Mher Torrsian

Mher Torrsian lines up in a drill for lineman at the first summer football practice at Hoover High School on Monday, June 9, 2014. (Tim Berger / Staff Photographer / June 9, 2014)

GLENDALE — As he walked around the first summer football practice of the season at Hoover High on Monday afternoon, second-year coach Matt Andersen was waiting for a burst of inspiration.

His players had been off for two weeks since the close of spring football and had only weight-lifted since late May.

Perhaps that's why the team appeared a bit listless during opening workouts, which included stretching and various drills.

Even jumping jacks in which players spelled out the school's name didn't have the same pop as the rendition of the national anthem performed by an also practicing band in the campus quad.

That's when Andersen changed up the tempo and called for a drill known as "Hoover Hardest."

"That always seems to get everyone fired up, whether you're in the middle of it or not," Andersen said. "We needed it, things were a little too quiet for my taste."

The exercise calls for a giant circle filled out by the squad with two players meeting in the middle. Those athletes simultaneously try to tackle each other while blocking the other's attempt at the same time.

Perhaps the best duel of the day was between linemen Mher Torrsian and Eric Jones, won by Jones, 2-1.

"Coach loves to get people fired up and pumped," Hoover senior running back Rayvin Tanhueco said. "It gets us going."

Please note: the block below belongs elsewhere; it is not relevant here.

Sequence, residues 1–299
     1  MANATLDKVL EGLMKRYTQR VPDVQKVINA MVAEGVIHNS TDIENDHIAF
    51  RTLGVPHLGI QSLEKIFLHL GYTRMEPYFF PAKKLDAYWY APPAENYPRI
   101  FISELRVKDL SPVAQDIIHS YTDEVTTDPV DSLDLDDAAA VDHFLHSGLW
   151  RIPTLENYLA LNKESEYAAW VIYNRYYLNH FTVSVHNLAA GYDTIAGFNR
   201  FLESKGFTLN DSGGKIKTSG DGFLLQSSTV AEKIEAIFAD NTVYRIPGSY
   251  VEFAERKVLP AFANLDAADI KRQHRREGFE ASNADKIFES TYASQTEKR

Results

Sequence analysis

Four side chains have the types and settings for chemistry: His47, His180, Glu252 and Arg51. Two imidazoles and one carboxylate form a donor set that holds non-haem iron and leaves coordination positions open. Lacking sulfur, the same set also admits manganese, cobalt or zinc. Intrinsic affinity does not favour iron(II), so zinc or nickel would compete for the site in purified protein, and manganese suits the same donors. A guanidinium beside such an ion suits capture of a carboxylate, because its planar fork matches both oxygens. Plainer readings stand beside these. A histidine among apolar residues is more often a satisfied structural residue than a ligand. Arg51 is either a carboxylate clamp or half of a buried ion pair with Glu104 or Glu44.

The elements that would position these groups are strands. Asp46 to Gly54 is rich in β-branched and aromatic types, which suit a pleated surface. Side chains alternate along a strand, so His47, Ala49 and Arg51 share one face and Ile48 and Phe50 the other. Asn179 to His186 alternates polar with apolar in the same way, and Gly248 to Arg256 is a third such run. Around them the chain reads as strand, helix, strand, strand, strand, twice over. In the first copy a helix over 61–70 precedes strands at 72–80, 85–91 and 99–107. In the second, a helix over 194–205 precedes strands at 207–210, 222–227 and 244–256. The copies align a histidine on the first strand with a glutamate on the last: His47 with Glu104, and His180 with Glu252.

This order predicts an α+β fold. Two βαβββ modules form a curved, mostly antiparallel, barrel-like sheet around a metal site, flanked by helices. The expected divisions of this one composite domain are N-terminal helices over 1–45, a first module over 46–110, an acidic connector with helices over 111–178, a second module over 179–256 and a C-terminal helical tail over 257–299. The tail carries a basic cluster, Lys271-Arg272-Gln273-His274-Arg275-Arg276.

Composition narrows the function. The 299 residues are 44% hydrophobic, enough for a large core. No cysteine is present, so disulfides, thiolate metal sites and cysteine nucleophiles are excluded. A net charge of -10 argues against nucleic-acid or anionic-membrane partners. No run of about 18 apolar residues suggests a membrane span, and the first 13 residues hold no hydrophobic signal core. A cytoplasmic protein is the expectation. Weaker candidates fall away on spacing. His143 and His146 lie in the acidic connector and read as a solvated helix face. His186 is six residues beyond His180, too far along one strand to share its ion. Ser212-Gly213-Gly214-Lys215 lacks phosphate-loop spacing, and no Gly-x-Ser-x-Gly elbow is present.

Shortly after the conclusion of the drill, Andersen broke up his team into varsity and junior varsity units, with blocking and pass-catching taking precedent.

Regardless of the success of practice, Andersen was already in a good mood due to the size of his squad.

"We've got our numbers up and we've got about 100 kids," Andersen said. "When I took over last May, we had 60 on the roster. I like that and the fact that we've been getting after it.

"We're going to be much more competitive this season. This is my second season and I figured out a lot of what needed to get fixed after that first season. It was a learning experience."

Perhaps the biggest lesson learned, and the secret to the swelling numbers at Hoover, was Andersen's ability to utilize his advantage.

The art teacher and flag football coach at nearby Toll Middle School drafted a slew of his own pupils to help build the program.

"I brought over 40 of my eighth graders from Toll," Andersen said. "So, we'll have a strong freshman class, which I like."

The infusion of newcomers has breathed life into a steely group of seniors intent on turning the tide in 2014.

"That's the biggest change, just the number of people here at practice and the attitude," Tornadoes senior offensive lineman/defensive tackle Ernest Nadurta. "There's a different energy and vibe here than last year. People want to compete and we're ready to turn this around."

According to senior tight end/defense end Joshua Lee, the emphasis on a culture change happened long before this summer.

"With coach Andersen, you just can't walk around or jog, you have to work and show a commitment," Lee said. "Our practices are so much more disciplined, even last year was so much different than with [former coach Andrew] Policky. I really think we're going to improve."

As the practice progress, wide receiver patterns began to run more crisply, while assistant coach Dave Beard's junior varsity squad was more than eager to challenge the seniors during drills.

"If we can get this group to push our seniors and upperclassmen, then you're going to have a much stronger team," Andersen said. "I hope people don't sleep on Hoover."

Just as Andersen finished speaking, Tanhueco took a hand-off off tackle left, which broke for 20 yards and elicited screams and hollers from Beard and Andersen.

"That's what I was waiting for," Andersen said.

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Follow Andrew J. Campa on Twitter: @campadresports.